Laura knows of what she speaks. Cold, hard Bottomline Journalism rules the industry. When the University of Missouri takes in all the funding provided by the profits gained by Donrey you know the profession is in trouble. Donrey mirrored the state of the newspaper industry now — squeeze all the money out of the paper you can and to hell with the readers. Someone should take a look at what the upper management people in the chain are making and just what profit margin they’re seeking.

  5. Zack says:

    The Star has its own version of “The Hunger Games”? What channel is it on?

  6. Dan says:

    I have great empathy for the many excellent reporters at the Star that may see their hardwork and dedication paid off with a pink slip. How can they hope to improve the product with fewer and fewer real journalists on the payroll?

    Ironically, I had to make multiple calls and e-mails to the paper after a recent move as they couldn’t seem to get the paper delivered to me more than 2 or 3 times a week. Here I want to pay and be a reader, but they can’t get the product delivered. They’ve beat up the carriers so bad in recent years it looks like they don’t have any real incentive to help keep the paper afloat. Sadly, the demise of the Star seems more like a when, not an if.

  7. Pat Carlson says:

    OK, so it’s a business and layoffs are a cold reality before a holiday. Then, run it like a business. If you have to fire someone, fire her.

    Telling two employees to decide between themselves which one is going to leave is chickens**t! A business, run as such, would have personnel make the cut.

    What happens if the two reporters can’t make the decision? If I were to survive such a gimmick, I think I would be so demoralized that I would look for another job (irrespective of the fact that more layoffs are coming).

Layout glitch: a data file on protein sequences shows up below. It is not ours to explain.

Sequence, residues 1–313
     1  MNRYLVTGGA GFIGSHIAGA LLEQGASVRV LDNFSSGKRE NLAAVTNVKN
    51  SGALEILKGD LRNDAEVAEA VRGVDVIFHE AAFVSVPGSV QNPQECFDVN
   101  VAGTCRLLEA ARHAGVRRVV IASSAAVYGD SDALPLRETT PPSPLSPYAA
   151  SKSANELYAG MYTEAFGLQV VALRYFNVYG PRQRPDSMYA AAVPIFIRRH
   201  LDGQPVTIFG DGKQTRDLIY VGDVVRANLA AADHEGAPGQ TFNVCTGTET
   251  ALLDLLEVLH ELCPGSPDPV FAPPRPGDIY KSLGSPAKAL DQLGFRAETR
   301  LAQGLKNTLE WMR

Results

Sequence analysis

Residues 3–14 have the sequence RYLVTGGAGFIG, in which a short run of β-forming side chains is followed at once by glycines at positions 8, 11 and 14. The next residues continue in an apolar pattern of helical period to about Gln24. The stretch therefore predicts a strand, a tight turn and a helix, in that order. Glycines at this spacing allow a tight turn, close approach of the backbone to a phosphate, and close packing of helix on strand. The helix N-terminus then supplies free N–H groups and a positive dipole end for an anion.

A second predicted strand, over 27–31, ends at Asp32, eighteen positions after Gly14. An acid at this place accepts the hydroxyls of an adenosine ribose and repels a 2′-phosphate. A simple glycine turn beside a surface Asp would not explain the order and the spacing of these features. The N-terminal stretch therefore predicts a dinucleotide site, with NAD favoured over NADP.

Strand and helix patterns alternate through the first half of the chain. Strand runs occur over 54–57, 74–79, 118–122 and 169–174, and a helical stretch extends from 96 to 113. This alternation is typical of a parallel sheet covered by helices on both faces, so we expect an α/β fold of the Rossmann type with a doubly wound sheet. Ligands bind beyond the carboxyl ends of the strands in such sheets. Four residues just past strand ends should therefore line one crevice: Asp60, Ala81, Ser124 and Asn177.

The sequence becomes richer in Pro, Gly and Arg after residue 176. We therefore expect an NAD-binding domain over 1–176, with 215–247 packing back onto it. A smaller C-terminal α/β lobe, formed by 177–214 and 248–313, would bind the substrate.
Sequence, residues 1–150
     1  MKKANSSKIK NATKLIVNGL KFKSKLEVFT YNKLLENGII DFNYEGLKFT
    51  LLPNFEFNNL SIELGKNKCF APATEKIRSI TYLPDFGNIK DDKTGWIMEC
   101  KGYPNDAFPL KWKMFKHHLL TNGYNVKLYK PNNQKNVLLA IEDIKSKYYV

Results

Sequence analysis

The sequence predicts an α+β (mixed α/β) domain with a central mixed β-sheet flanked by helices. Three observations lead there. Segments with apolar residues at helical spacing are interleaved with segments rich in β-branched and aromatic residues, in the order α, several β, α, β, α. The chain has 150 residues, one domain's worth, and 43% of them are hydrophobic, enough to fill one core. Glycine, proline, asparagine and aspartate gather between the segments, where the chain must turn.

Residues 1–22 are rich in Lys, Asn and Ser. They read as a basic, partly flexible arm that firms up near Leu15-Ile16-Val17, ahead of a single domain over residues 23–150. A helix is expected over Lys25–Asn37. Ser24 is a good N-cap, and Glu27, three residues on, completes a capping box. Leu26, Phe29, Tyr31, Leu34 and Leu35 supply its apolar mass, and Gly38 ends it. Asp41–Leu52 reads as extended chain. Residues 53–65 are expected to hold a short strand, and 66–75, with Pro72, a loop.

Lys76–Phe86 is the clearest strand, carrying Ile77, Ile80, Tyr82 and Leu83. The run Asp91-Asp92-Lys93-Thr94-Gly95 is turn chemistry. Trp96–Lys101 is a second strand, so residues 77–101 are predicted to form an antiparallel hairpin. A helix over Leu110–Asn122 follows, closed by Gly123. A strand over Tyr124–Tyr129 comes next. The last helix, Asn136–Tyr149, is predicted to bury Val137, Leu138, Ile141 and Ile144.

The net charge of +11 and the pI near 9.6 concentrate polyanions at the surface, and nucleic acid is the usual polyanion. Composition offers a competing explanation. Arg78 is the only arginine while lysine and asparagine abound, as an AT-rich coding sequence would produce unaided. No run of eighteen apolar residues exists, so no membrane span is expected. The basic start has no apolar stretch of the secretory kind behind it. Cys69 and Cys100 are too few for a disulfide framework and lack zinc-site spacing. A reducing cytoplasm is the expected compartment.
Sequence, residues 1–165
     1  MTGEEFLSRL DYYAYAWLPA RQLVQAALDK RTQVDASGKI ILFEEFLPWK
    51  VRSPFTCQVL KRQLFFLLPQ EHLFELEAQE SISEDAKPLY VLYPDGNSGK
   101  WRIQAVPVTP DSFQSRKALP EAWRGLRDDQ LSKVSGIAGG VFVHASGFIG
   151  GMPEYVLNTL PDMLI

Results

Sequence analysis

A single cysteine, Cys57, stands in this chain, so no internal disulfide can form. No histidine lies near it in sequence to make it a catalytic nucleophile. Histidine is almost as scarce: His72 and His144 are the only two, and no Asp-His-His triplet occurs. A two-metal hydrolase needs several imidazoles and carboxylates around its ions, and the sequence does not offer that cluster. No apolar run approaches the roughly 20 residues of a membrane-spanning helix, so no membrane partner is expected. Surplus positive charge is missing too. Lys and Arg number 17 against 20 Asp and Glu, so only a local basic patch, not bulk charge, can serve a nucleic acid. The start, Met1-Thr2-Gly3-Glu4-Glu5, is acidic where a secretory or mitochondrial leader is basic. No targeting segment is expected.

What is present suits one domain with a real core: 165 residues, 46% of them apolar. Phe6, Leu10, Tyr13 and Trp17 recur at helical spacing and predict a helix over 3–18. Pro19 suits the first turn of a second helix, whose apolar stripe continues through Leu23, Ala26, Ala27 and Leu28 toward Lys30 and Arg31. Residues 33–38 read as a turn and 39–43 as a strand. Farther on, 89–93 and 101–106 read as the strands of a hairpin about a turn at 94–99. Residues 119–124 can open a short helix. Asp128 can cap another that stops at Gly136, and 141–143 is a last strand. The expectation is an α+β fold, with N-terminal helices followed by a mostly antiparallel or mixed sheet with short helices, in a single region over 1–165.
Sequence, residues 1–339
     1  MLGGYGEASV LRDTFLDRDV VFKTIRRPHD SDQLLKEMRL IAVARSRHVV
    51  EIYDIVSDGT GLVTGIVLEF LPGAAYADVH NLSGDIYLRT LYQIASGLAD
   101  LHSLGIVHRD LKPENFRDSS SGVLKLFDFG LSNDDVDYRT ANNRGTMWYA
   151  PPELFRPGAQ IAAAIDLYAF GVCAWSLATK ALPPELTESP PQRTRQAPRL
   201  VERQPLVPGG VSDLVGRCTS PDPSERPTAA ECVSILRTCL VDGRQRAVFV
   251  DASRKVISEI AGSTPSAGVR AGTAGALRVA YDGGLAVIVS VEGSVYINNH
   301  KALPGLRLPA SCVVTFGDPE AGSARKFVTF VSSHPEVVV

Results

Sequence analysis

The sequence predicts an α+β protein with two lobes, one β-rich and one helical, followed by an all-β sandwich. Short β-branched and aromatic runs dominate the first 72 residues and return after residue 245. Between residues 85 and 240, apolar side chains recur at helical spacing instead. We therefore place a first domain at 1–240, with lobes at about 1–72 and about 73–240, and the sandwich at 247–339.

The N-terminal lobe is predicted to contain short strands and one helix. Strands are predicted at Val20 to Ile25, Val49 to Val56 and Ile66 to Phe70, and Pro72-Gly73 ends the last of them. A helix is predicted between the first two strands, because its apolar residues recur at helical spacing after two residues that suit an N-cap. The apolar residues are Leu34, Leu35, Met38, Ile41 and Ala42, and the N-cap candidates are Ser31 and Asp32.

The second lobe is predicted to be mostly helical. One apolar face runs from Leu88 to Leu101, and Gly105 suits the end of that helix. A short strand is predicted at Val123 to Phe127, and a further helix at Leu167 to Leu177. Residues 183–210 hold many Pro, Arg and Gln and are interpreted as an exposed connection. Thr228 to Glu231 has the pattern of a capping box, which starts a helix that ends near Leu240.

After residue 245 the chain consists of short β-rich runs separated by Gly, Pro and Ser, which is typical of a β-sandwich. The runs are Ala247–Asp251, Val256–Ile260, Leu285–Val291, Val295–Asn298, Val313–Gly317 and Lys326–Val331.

8. Mike Rice says:

    I am very saddened to see my two friends and former colleagues being treated this way after a combined 35 years of service to The Star. Whoever hatched this idea of telling Karen and Dawn to decide between themselves who should leave is a gutless coward. Unfortunately, The Star’s upper management is so top-heavy, that whoever did it will not have to be accountable.

    I don’t know Mi-Ai Parrish but I do know that she reports to former Star publisher Mark Zieman, whose people skills rivals those of the creature from “Alien”. Based on the work environment that I saw Mr. Zieman foster during my time at The Star, I guess I shouldn’t be surprised by how low this place can stoop when it comes to the treatment of its rank-and-file employees. This, however, represents a new low.

  9. Scott Simon says:

    I have little respect for Mi-Ai Parrish. A Publisher with no backbone. How can anyone expect her to make the right call for publishing stories? Wishy-washy is NOT an asset in journalism.

  10. John says:

    Fire the manager for incompetency, and promote the Dillon. Problem solved and while an incompetent manager was removed at the same time.

  11. Bob says:

    They are going to teach Mi-Ai Parrish’s leadership style in MBA schools across the country.

    What a coward. Chickenshit coward.

  12. Tony says:

    I don’t understand. Aren’t they pretty lopsided left on their opinion columnists? Why not drop a couple of the lefties? That would solve two issues – decrease FTE’s and put the EB in a better ratio.

    Bob there was a leetle more harsh on Mr. Parrish than I would’ve liked, yet I agree with his sentiment.